After the two-week vaccine drive at the Health Center about 4,000 of the 7,000 vaccines will be given back to the county for redistribution. The vaccines will be given to other priority populations including children. The school districts of San Luis Obispo County are preparing to give the vaccine to children. The County Health Agency is assessing the needs of the population and distributing vaccines where necessary according to needs. Cal Poly need for the vaccine has decreased.
“We are discontinuing it because the demand for it has fallen,” Dr. Martin Bragg, the director of Health and Counseling Services said.
With early expectations the Health Center had ordered more than necessary.
The Health Center received an additional 3,500 vaccines on Nov. 10, the second of two shipments expected from the county.
“We originally ordered 19,000. We thought we might have to give everyone two shots,” Bragg said.
Bragg said that officials were unsure if recipients would require two doses of the vaccine. With 19,000 vaccines he thought they would be able to serve the populations who wanted the vaccine and give them two doses.
The County Health Dept. only allotted 7,000 of the 19,000 requested vaccines for Cal Poly.
After receiving the vaccine Health Center officials organized a vaccine drive, which began Nov. 3. The Health Center closed normal operations and was only open to give the vaccine. The vaccine was also offered Nov. 4,5,10 and 12.
During those dates Health Center officials hoped to administer 1,000 vaccines per day of the vaccine drive.
The first day it was offered, about 750 vaccines were given. There was a line out the Health Center door down to Perimeter Road of students waiting to receive it. The second day, about 500 were given, and the third day, over 200.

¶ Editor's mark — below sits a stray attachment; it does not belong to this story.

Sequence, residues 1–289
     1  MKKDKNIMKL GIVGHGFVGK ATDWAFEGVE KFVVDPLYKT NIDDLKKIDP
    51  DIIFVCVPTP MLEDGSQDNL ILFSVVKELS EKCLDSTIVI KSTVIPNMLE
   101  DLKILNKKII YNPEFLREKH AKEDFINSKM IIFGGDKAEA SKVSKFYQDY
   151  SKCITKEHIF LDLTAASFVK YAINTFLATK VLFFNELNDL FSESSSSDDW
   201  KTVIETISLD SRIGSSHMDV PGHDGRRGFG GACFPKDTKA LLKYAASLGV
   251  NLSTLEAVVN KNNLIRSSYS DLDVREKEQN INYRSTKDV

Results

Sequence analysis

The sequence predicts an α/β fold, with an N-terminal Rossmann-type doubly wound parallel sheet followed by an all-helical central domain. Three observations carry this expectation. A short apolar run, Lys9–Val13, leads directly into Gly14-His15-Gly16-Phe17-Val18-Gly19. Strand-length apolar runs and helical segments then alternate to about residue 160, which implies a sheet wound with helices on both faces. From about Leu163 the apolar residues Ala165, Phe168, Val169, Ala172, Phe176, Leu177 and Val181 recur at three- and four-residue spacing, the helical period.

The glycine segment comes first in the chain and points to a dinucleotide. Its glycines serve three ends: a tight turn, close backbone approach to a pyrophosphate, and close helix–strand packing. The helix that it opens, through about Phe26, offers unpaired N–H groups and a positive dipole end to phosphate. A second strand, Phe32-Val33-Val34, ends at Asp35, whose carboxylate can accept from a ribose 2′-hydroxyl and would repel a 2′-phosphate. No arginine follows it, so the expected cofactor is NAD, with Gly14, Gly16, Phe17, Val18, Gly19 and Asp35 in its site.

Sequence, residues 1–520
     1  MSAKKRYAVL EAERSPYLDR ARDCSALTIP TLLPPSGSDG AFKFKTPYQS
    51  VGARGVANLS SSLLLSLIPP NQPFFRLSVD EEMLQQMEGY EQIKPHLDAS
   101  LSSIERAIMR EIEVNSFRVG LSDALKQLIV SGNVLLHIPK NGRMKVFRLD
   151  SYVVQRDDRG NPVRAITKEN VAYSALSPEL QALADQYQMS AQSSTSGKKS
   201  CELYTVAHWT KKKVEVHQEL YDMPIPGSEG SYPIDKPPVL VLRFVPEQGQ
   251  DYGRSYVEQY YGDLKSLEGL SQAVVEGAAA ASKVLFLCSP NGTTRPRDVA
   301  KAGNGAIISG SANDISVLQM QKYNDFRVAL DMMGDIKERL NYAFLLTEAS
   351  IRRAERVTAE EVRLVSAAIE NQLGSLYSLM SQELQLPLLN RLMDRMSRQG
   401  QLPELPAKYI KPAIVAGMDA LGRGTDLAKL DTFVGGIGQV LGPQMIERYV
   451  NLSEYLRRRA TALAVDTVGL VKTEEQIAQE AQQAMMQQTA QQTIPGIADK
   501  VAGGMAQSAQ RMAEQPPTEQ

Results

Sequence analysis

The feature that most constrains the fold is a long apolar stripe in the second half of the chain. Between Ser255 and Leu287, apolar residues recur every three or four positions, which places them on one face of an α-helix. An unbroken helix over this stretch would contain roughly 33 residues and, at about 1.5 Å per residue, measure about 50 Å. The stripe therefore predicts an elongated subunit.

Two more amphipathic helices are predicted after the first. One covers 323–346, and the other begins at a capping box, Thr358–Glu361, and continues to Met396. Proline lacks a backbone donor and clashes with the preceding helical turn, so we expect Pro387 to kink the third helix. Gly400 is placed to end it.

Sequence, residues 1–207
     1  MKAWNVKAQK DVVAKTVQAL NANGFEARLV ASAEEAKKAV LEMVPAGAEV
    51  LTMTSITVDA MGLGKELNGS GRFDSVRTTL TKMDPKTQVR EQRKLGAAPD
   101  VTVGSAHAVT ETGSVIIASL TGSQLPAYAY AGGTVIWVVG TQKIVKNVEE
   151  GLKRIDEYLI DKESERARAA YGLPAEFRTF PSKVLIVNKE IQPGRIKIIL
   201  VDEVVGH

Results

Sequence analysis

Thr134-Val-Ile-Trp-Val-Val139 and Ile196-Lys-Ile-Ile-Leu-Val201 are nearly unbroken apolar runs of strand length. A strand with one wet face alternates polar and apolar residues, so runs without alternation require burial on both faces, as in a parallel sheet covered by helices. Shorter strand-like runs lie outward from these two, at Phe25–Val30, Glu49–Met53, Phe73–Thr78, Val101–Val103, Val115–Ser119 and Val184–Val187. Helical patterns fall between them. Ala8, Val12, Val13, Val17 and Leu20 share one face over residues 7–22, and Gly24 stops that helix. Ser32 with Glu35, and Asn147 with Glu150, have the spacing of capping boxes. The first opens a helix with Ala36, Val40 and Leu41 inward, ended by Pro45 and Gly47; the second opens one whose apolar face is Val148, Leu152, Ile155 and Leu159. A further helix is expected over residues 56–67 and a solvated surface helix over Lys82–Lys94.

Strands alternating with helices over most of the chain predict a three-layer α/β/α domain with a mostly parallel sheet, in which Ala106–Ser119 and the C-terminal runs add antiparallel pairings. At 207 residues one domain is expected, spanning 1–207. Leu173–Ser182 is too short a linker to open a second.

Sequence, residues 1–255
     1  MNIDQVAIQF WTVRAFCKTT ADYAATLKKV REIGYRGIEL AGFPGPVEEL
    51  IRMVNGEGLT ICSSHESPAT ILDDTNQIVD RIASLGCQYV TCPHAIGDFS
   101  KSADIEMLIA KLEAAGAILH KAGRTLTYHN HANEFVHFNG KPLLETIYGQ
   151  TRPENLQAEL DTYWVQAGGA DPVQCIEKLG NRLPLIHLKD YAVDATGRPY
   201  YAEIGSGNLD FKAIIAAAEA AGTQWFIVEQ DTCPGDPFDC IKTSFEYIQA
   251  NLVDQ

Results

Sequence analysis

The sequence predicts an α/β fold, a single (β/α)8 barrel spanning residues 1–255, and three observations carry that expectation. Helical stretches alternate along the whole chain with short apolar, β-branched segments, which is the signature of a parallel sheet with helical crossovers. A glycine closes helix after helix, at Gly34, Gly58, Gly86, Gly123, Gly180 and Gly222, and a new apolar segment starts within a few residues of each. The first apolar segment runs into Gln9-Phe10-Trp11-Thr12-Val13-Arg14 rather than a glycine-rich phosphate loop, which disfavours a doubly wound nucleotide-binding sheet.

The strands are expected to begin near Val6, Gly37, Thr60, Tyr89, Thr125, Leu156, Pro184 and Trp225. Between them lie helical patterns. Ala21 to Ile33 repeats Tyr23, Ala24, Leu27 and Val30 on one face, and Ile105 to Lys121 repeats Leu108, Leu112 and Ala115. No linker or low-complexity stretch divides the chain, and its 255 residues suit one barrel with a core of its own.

“Those who didn’t get it (the vaccine) have in a sense decided that the risk isn’t worth the shot,” Bragg said. “I am a little disappointed that we didn’t give more vaccines.”
The next big push to vaccinate will be in kindergarten through 12th grade schools, which is one of the places getting vaccines . The Centers for Disease Control and Prevention (CDC) recommended that the initial target groups for the vaccine included people aged from six months to 24 years of age. The extra vaccines collected from Cal Poly will be going to these groups beginning in the public schools.
The San Luis Obispo Public Health Department and County Office of Education sent packets home with children starting Nov. 2 with information and consent forms.
In a release from the San Luis Obispo County Health Agency and Office of Education, health officer Dr. Penny Borenstein said, “Vaccination is the best way to prevent the spread of influenza in schools throughout the community.”
The release asked parents who wished for their children to be vaccinated to return the required permission slip as soon as possible. The dates for the vaccinations are uncertain, but they do not expect the Public Health school vaccinations to start until Nov. 10. The program will begin in elementary schools and then include middle and high schools as more vaccines become available.
The vaccine is becoming more available and more widely spread. According to the CDC, “The federal government has purchased a total of 250 million doses of 2009 H1N1 vaccine. The 2009 H1N1 vaccine first became available in early October, and more doses are becoming available every week.”
The H1N1 vaccine is still available at the Health Center and will be offered during regular business hours.
“As more vaccine becomes available, we hope to ensure that every person who wants a vaccine can receive one,” Borenstein said in the release.
For county updates, visit slocounty.ca.gov/health/publichealth/swineflu.htm or call the 24-hour Public Health information line at 805-788-2903. More information can be found at afd.calpoly.edu/ehs/h1n1 or on the Health Center’s H1N1 hotline at 805-756-6099.